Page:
It’s been said that the early bird gets the worm – the reward for being motivated enough to act on something – and in the trade show business the early bird saves money and avoids getting charged astronomical rush fees.
Almost any business that offers a good or service will charge extra fees to compensate for a shorter turnaround time than normal on those products and/or services, which is referred to as a rush fee.
If you need something in short order, be prepared to pay for the extra labor and time involved to expedite it to the proper destination.
Having to pay rush fees are usually a result of inadequate planning or procrastination. In other words, there are very few good excuses to justify getting charged a rush fee because you didn’t order in time.
Plan now, or pay (more) later.
Waste Not, Want Not
Rush fees are a surefire way to wreck your budget, especially if it’s done routinely. If you have fallen into this trap, don’t despair. When you know better, you do better. If you are new to this and you are now terrified of making this mistake, it’s easy to avoid.
Here are some things to consider when placing orders and contracting out work…
Ordering early and not having to worry about extra fees (and securing the supplies and work on time) should be incentive enough. But what you may not know is that if you pay in full ahead of schedule you might get a discount. Prices can change if payment deadlines aren’t met, so make sure to set yourself reminders so that you don’t forget.
There are usually 2 or 3 tiers of discounts if you pay in full and promptly. For example, if you have submitted all of your payments 2-3 weeks before your show, you can reasonably expect a 20-30% discount. If you fail to pay the full amount at by the deadline the costs will increase to standard pricing.
This might sound strange, but how you place your orders does make a difference. Businesses that have implemented online ordering prefer that you take advantage of that feature. It saves them time and the hassle of having to input your order in manually ( for phone and fax orders). Most contractors are happy to give you a 5-10% discount for putting in the extra effort so they don’t have to.
We all want our shows to run as smoothly as possible and achieving that goal takes planning. Lots of planning. Running a smooth operation involves coordination so that the event is properly installed on time. Contractors are responsible for sending out loads of equipment and to do that effectively they need you to place your orders weeks before deadlines hit. This helps them to fulfill orders and get their staff and labor organized. Truck schedules can become a cause for delay if you don’t place your requests in a timely matter. If you procrastinate all of the trucks might already be scheduled to go out and not to your show.
Trade Shows take a lot more forethought than the average event or party due to the amount of custom work that goes into it. From customizing booths to made-to-order signs, ordering in advance is a must. This cannot be stressed enough. If you wait, not only do you get hit with rush fees, but you also run the risk of not getting the work done at all.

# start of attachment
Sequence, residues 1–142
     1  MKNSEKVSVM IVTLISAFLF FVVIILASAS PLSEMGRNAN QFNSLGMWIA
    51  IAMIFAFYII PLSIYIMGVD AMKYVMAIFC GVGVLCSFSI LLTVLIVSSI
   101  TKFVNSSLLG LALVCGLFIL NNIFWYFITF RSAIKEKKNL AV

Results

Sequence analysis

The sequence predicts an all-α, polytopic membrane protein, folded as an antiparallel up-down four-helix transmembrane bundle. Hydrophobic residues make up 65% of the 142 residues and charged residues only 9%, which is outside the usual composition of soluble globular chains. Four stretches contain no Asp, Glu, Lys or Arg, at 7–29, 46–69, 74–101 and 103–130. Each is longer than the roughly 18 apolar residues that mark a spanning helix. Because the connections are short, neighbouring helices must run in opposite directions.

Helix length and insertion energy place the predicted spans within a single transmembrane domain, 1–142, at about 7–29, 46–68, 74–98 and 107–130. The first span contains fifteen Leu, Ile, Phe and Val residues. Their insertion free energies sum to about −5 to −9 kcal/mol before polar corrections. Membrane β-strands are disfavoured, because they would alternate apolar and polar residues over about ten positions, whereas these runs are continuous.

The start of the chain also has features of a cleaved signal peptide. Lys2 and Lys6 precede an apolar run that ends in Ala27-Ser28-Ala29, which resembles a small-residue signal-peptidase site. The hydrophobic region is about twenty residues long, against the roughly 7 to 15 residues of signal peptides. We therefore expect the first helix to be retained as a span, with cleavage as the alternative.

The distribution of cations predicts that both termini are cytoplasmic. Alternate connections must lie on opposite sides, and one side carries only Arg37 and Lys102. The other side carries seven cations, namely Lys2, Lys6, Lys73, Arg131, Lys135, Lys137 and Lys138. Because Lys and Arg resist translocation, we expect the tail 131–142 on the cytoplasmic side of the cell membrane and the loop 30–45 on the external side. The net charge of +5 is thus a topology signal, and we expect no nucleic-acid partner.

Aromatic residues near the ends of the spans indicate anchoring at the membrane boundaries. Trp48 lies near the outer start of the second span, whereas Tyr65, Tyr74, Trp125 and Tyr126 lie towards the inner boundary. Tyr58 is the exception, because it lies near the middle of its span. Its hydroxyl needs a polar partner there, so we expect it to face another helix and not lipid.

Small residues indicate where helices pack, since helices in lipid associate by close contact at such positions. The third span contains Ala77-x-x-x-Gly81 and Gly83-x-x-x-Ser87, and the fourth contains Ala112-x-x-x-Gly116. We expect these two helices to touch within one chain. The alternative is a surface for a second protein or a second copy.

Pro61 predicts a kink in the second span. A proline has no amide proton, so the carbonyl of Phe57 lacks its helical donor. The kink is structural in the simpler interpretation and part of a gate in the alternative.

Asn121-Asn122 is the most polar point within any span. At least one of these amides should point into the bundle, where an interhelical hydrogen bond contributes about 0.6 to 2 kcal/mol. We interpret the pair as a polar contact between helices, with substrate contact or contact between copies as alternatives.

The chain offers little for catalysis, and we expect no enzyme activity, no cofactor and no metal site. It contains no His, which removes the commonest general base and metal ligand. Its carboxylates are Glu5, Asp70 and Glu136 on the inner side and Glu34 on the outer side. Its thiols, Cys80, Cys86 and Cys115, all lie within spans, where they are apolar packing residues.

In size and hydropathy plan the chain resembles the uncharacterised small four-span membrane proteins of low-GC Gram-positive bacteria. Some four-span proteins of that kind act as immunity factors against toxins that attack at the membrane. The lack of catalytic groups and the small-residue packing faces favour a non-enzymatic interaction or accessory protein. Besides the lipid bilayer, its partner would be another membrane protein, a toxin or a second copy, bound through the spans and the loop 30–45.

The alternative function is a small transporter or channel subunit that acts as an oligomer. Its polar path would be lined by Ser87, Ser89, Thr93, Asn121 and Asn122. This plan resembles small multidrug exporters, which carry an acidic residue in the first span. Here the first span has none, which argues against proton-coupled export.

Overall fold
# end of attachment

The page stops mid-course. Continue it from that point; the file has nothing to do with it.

Most contractors are serving upwards of 20 shows within the same timeframe as your show. While your work is important to them, it’s not their only job. If something doesn’t go as planned you will likely have to wait for them to finish what they are working on to address your miscommunication. If they have to make extra adjustments expect to pay any overtime fees to make up for the disparity.
Print work is a critical part of what makes any trade show visually identifiable and placing rush orders on displays can get tricky. If your contractors don’t have an office located in your event city, you’ll either have to find a local printer that can handle the job, or get it printed back home and shipped overnight to you. Both options will cost you extra, plus the additional labor and installation fees.
You have two options when you order signs. You can order by advanced shipment warehouse or you can have it shipped directly to your show. If you order by advanced warehouse the delivery times are more flexible and the sign can be hung in your booth before you get there. When you have signs shipped directly to the show there is no guarantee that someone will be able to hang your sign. If that’s the case, it will have to be done in overtime. An advance warehouse is the best shipping option to control both delivery and costs.
What type of labor Exhibitors hire can significantly impact costs as well as how time is managed. There are two types, Contractor supervised and Exhibitor supervised labor. With Exhibitor supervised labor, the exhibitor directs the work that is done to set up the show booth. Contractor supervised will use the floor plan provided to set up the booth, without assistance, but at a 30% surcharge.
Exhibitor supervised sounds like a good money-saving option unless the exhibitor shows up an hour or two later than scheduled and the labor team has already moved on to do other work. Not only is the booth not set up, the team might not be able to come back that day to finish. Not only will the exhibitor have to pay for the hour that was lost, but will need to pay extra to have them return later.
More Than a Wish
Author and poet Antoine de Saint-Exupery saw liberation in planning, observing that “a goal without a plan is just a wish.” Planning avoids chaos and budget-killing rush fees. As they say, planning makes perfect.